Gives you a tripartite graph – how to present to users is ongoing research. Want to include in SNAPP, so anyone can use them without having to export data or understand the algorithm.

Example – groups supposedly discussing same topic, but this could show you they were different, could see who was talking directly about the subject, and more related to the topic. Quite promising.

Finally – Apache Mahout – very low-level implementation of map/reduce. Framework for developing, testing and deploying large-scale algorithms.  Very useful tool within the learning analytics community.

Ravi Vatrapu, Chris Teplovs, and Nobuko Fujita – Visual analytics for teachers’ dynamic diagnostic pedagogical decision-making

Ravi presenting. A vision paper – colleagues at Copenhagen Business school and Univ of Birmingham.

NEXT-TELL EU project, just started. Is the context. Vision about teaching analytics, providing support to teachers in real time, and in real classrooms. Model – Triadic Model of Teaching Analytics (TMTA) – and an implementation proposal.

One vision of C21st classrooms is high-density – rich, personal learning environments. Nice to relay all this back to the teacher, problem of information overload. Information needs to nuanced, visualised in meaningful, actionable way. Web 2.0 has widened the learning ecology. Students not bound by curriculum (in most parts of the world). But problem of learning fragmentation – across multiple media and contexts. We have fantastic learning technologies for learners, but forgot teachers as professional practitioners. Schools are going to stay, like it or not – good way of keeping children off the streets, if nothing else.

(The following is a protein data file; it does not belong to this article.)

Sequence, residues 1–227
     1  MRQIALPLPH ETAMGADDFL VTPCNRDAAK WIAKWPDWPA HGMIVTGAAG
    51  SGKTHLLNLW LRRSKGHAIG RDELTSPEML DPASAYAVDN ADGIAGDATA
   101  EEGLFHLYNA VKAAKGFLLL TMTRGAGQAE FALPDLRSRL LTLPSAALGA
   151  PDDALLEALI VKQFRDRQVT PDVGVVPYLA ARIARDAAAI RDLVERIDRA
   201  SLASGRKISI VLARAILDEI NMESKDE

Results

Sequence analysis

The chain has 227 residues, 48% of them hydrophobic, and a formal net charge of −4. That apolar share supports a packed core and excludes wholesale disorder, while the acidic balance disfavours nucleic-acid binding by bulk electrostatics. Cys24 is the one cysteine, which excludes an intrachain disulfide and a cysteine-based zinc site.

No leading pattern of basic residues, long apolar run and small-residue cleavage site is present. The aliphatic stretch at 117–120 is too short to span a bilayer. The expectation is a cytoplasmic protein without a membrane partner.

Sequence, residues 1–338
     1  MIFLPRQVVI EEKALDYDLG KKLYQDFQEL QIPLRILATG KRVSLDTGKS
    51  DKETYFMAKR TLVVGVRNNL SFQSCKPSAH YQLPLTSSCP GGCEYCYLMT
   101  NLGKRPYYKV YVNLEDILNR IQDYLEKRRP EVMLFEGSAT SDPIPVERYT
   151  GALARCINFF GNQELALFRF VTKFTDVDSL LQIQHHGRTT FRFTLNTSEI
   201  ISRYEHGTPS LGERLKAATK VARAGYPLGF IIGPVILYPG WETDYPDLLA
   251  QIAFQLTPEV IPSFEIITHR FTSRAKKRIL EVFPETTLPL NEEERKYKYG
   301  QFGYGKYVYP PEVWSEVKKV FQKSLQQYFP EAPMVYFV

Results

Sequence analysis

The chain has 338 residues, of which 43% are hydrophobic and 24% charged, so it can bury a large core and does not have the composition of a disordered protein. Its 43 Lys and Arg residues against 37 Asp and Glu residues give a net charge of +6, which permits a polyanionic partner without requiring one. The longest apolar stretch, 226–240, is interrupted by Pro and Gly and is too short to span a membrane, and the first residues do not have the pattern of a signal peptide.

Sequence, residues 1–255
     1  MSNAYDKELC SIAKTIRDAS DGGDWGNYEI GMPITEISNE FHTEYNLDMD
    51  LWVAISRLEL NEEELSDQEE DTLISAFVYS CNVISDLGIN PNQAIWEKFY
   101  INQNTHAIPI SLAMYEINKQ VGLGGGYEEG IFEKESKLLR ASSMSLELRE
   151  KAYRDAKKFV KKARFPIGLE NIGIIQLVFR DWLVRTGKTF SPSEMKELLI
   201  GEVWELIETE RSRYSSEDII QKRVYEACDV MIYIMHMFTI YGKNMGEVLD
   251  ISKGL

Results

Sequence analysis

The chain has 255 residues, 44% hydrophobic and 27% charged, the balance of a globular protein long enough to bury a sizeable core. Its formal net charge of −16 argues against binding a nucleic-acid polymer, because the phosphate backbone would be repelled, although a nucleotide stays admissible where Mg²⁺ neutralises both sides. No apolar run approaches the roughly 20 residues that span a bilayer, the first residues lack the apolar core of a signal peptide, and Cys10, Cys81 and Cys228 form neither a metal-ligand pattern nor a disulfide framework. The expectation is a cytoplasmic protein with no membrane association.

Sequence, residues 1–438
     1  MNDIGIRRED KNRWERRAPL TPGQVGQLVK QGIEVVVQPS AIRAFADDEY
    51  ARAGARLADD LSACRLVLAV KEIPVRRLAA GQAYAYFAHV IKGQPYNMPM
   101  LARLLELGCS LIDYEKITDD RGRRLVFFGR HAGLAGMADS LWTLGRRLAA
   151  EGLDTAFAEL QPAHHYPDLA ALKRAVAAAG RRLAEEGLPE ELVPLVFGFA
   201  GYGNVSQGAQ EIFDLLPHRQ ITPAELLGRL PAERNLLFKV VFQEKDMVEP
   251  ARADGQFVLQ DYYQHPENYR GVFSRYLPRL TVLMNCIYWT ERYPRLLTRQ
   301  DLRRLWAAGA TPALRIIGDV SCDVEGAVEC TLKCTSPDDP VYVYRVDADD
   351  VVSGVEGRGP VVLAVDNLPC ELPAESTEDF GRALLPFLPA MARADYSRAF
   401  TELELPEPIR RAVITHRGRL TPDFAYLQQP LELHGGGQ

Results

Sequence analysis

New demands placed on teachers – not only to develop subject matter, but C21st competencies, – personalise learning, teach adaptively, provide evidence-based accounts for activities and assessment. And to be accountable to many stakeholders.

NEXT-TELL’s core vision. (Peter Reimann). Providing an innovation platform, not an ICT platform. Providing pedagogical methods and computational tools. Focus on formative assessment because is hard problem – often too late. Very costly to do it. Platform, is about second-order change – not changing a school, tools for a teacher to implement changes within that context.

How you do things in a classroom is more important than what the room looks like. Making it high density – communicative, temporal, content – leads to cognitive density. Move towards teaching analytics – is an amalgam. From learning sciences (e.g. interactional pathways to learning outcomes – some better supported by ICT than others), learning analytics, visual analytics (HCI, etc).

Basic process to support is dynamic diagnostic pedagogical decision-making. Building a classroom information system.